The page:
Sender Policy Framework (SPF) is a method to prevent unauthorized email senders from using your domain for their email deployments. The SPF record allows the recipient’s email system to recognize and accept only authorized senders of your domain. Unauthorized senders run the risk of being blacklisted or having their emails blocked.
A technical resource will be required to write your SPF record, but you’ll be able to define rules for sender IP addresses, mail exchange servers, and domains. For guidance on writing the record, check out this SPF guide on syntax.
Set up a DMARC policy for your sending domain
Domain-based Message Authentication, Reporting & Conformance (DMARC) is a protocol that provides instructions to mailbox providers on what should happen if an email fails SPF and/or DKIM checks. DMARC also provides reporting to senders to improve protection of their domain from fraud.
Two important callouts regarding DMARC: First, the domain in the sender’s “From” header must be aligned with either the SPF or the DKIM domain. Second, this record is only required for bulk senders deploying over 5,000 emails a day, but it’s still highly recommended for all properties.
To set up your DMARC policy, you’ll start by creating a TXT record in your DNS for “_dmarc.” For the first field when entering the record name, you’ll type _dmarc.yourdomain.com (replace yourdomain.com with your actual domain name). For the record value, you’ll define your DMARC protocol, including your policy for email that fails DKIM and SPF checks. If your record looks like this:
v=DMARC1; p=none; rua=mailto:firstname.lastname@example.org
Then the p value represents your policy. P can equal none, quarantine, and reject. These are instructions to the receiving mail server on what to do if an email fails authentication. None takes no action, and the message is delivered as normal, but an email is sent to the address defined by the rua parameter for reporting. Quarantine sends the email to spam. Reject will bounce the email.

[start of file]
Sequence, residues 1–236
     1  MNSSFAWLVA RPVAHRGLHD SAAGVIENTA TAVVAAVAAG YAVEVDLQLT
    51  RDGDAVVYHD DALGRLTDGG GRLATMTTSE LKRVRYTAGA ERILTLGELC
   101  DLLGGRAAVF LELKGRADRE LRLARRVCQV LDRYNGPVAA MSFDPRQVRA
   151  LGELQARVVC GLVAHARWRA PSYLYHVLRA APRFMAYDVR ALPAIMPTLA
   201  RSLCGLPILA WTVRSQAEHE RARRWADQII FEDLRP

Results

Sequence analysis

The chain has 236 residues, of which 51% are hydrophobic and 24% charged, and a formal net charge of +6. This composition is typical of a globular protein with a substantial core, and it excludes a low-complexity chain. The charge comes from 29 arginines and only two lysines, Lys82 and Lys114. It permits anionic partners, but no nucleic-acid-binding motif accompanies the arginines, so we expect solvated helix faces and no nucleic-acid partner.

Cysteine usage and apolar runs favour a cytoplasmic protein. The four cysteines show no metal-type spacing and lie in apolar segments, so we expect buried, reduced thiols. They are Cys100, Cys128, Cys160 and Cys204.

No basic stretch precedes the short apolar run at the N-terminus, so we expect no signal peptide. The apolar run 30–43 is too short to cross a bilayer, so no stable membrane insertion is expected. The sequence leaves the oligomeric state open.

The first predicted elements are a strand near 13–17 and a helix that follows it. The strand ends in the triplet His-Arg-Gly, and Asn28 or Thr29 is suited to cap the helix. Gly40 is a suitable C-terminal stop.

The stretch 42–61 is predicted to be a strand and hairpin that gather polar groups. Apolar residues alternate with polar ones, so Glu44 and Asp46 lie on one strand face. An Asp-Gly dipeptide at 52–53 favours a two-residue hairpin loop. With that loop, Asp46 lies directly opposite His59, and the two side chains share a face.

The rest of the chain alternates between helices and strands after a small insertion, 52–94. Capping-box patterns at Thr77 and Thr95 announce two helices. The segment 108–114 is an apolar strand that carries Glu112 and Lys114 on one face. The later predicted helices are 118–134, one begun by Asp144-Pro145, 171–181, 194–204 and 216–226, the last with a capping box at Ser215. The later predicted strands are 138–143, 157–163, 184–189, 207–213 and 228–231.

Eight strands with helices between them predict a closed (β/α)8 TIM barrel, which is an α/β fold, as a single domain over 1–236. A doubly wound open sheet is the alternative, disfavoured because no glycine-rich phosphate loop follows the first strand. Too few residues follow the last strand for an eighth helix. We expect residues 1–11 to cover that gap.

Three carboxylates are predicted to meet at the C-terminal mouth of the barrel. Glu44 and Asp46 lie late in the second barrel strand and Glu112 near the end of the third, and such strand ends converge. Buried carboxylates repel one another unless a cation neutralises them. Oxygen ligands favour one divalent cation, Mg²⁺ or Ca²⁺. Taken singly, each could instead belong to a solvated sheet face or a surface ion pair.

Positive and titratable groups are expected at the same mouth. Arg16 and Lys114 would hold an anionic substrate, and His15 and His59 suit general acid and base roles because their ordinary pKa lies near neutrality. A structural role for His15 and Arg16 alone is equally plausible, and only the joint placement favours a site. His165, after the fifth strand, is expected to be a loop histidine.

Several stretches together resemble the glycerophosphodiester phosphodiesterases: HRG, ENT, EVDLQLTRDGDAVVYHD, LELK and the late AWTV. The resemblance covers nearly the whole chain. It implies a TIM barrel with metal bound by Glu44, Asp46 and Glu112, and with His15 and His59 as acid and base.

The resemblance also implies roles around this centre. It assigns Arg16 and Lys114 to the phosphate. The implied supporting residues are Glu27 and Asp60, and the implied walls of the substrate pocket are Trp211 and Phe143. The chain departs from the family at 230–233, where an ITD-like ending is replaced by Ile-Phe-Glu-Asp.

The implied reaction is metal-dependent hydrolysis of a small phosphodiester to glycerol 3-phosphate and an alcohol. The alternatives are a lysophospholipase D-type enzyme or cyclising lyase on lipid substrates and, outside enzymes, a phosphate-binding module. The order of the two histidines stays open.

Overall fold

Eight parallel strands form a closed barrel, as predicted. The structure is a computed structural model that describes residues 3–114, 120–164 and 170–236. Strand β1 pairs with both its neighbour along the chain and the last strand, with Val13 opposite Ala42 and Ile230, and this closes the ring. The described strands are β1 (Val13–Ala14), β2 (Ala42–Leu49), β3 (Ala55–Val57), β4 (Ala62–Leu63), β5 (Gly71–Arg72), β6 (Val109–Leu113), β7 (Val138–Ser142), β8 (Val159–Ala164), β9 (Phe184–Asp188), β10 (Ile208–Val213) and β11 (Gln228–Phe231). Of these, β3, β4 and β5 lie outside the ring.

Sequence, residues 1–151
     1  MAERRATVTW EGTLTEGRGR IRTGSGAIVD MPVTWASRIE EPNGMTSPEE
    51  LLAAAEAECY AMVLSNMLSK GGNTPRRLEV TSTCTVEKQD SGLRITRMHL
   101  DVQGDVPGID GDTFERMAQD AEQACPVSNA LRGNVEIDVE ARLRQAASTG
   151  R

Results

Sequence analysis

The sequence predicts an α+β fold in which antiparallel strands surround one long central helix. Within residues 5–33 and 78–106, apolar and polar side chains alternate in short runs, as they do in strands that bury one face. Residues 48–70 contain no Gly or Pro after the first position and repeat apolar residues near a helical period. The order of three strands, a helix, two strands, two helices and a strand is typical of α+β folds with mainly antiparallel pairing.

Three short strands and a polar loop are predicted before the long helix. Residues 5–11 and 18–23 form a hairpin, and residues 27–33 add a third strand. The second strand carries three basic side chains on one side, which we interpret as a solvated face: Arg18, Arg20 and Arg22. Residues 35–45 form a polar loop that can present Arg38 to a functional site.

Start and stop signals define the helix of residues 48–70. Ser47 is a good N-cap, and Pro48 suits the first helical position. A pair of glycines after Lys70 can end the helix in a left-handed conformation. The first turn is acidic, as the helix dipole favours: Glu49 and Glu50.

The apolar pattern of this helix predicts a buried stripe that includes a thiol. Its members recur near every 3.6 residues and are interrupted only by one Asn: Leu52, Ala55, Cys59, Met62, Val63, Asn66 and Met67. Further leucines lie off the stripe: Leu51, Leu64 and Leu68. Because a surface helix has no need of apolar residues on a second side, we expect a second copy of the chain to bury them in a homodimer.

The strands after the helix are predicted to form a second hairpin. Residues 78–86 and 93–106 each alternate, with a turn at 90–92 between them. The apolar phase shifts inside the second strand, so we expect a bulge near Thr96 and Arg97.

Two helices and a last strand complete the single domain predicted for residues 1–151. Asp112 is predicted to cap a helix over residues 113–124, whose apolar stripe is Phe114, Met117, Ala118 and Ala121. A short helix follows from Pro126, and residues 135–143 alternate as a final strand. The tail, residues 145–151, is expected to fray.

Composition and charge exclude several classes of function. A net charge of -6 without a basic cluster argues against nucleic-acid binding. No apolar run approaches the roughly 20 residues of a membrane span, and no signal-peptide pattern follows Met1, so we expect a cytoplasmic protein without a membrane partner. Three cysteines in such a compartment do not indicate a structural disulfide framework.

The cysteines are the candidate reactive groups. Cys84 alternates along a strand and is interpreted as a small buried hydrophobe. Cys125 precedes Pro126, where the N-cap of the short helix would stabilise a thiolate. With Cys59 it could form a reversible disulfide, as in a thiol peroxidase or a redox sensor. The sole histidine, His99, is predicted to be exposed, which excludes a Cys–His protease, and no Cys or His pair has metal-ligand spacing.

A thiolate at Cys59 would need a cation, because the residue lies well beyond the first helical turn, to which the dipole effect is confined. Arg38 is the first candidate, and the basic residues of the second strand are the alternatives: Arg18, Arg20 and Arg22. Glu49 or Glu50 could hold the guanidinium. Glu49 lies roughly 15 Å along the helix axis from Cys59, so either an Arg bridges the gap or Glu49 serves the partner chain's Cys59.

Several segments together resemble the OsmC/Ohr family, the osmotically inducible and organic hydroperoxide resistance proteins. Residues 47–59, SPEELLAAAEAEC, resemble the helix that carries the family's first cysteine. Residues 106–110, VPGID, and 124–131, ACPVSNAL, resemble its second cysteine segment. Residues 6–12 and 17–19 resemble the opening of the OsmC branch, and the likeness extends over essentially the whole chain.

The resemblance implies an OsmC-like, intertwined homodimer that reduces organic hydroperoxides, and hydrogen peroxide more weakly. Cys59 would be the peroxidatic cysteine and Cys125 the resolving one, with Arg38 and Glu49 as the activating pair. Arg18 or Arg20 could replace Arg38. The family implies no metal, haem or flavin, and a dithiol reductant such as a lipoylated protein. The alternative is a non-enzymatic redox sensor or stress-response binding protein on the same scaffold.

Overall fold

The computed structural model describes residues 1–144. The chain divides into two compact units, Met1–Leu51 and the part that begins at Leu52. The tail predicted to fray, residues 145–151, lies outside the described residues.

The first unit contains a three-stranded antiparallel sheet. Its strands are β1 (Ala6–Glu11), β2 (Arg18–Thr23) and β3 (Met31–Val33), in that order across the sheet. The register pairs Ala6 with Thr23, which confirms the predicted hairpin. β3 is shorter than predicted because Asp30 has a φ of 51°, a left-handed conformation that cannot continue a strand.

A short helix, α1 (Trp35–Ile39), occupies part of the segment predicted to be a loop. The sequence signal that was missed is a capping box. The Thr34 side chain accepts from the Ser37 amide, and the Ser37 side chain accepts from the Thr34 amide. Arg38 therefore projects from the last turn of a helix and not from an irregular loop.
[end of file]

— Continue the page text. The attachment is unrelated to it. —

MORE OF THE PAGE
It is very important to start with p=none and go through a monitoring phase before implementing an enforcement policy of p=quarantine or p=reject as you could prevent legitimate sources from sending email on your behalf. Monitoring can be done for free with several 3rd party companies including Valimail* and others.
*Your use of any Valimail or other 3rd party tools is subject to their terms and conditions, and it is your responsibility to review and comply with those terms.
Establish one-click unsubscribe
Make it easy for email recipients to unsubscribe by making your unsubscribe link clearly visible on every email. Subscribers should also be able to unsubscribe from emails with one click.
Keep in mind that this does not mean you can have an unsubscribe link that sends the subscriber to a preference center or an “unsubscribe confirmation page.” These processes typically require the user to click an acknowledgement. One-click unsubscribe means one click. Finally, once a subscriber has unsubscribed, you must honor their request within two days.
Keep spam rates below 0.3%
Unwanted email is a chore to deal with. After deleting enough irrelevant messages, subscribers are likely to punish senders by reporting their email as spam. If the number of spam reports rises above established ESP thresholds, your sender reputation will be damaged, and Google and Yahoo may not deliver your emails. Google Postmaster Tools lists their spam threshold as 0.3%, but you should aim for 0.1% for every email deployment.
Following established email hygiene can help keep spam reports low. Practice permission-based marketing, enable double opt-in, segment your marketing lists, and make sure you’re not sending unexpected messages. It’s practically impossible to prevent all spam reports, but observing email best practices will help keep your email marketing in compliance.
Get more help with your email deliverability
If you’re a Revinate Marketing customer, our support team will help you meet ESP requirements. This maintenance includes:
- Ensuring that sending domains or IPs have valid forward and reverse DNS records, also referred to as PTR records.
- For subscribed messages, enabling one-click unsubscribe (list unsubscribe) with a visible unsubscribe link in the message body.
- Formatting messages according to the Internet Message Format standard (RFC 5322).
Current customers can read our helpdesk article on these upcoming email authentication requirements. You can also reach out to your Customer Success Manager or email deliverability[at]revinate.com. Please use the subject: “Gmail/Yahoo Authentication.” Also, please include your sending (From) domain(s) and property name(s).